Seven new Zika cases in South Florida

MIAMI — Florida health officials are investigating whether mosquitoes carrying Zika are spreading even farther in South Florida as the number of locally acquired cases continue to climb.

The Florida Department of Health confirmed on Tuesday that six more people contracted the virus in the tourist hot spot of Miami Beach. Over the past month, 40 people have contracted Zika from mosquitoes in Miami Beach and a second South Florida location – the Wynwood art district just north of downtown Miami. Those two areas have become the focus of health officials, mosquito control efforts and travel warnings for pregnant women from the federal Centers for Disease Control and Prevention.

Now, the department says someone has contracted the virus outside those two zones. The department said the new case was identified in Miami-Dade County, but would not specify where until officials can test relatives, close contacts and neighbors of the person to determine if it’s an active outbreak or just an isolated case.

“One case does not mean ongoing active transmission is taking place,” the department said. “If DOH finds evidence that active transmission is occurring in an area, the media and the public will be notified.”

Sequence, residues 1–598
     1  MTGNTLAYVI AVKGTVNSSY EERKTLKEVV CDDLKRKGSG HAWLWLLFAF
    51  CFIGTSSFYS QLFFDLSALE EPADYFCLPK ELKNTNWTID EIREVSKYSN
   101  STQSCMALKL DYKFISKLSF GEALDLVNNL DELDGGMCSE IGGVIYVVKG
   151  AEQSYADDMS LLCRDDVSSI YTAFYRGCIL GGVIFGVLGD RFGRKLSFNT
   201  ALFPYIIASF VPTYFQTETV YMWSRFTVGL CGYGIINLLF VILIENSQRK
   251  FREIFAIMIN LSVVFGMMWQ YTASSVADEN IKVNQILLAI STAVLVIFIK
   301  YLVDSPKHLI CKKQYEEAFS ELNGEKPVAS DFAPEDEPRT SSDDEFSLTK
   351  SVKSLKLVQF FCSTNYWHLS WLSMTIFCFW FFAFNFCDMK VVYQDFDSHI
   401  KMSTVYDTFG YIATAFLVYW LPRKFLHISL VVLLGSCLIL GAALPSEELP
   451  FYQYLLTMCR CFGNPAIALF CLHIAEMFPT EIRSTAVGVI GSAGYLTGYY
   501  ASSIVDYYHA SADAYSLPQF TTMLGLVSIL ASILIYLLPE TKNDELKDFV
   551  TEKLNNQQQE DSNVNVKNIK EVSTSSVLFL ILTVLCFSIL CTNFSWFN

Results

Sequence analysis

The new cases came as Congress returned to Washington and tried to agree on emergency funding to help Florida and other states fight back against the fast-spreading virus.

Senate Majority Leader Mitch McConnell, R-Ky., and House Speaker Paul Ryan, R-Wisc., said on Tuesday that Democrats have twice rejected a bill that would dedicate $1.1 billion in federal funds to help research and prevention efforts. Rep. Nancy Pelosi, D-Calif., and other Democratic leaders say the bills advanced by the GOP have included “poison pills” including cuts to health care, Planned Parenthood and blocking a ban on displaying the Confederate flag at U.S. military cemeteries.

As that battle rages in Washington, Miami-Dade County announced that it will conduct aerial mosquito spraying over the affected portion of Miami Beach. Similar efforts in Wynwood drew widespread opposition from residents concerned about the chemicals dropping down on them. But Miami-Dade Country Mayor Carlos Gimenez said on Tuesday that the CDC and various state officials signed off on the decision to spray on Miami Beach.

“Although we had concerns about spraying in Miami Beach due to its unique topography, high-rise buildings and construction sites, we have received reassurances . . . that this is the right and safe thing to do at this time,” Gimenez said in a statement.

The news of Zika continuing to spread on Miami Beach comes after state officials recently trapped the first mosquitoes in the U.S. to contain the Zika virus. The Florida Department of Agriculture and Consumer Services caught three mosquitoes in the 1.5-square mile area where humans have been contracting the virus.

To date, Florida has confirmed 577 cases of people who contracted Zika while traveling abroad. The virus has been identified in 80 pregnant women who contracted the virus abroad.

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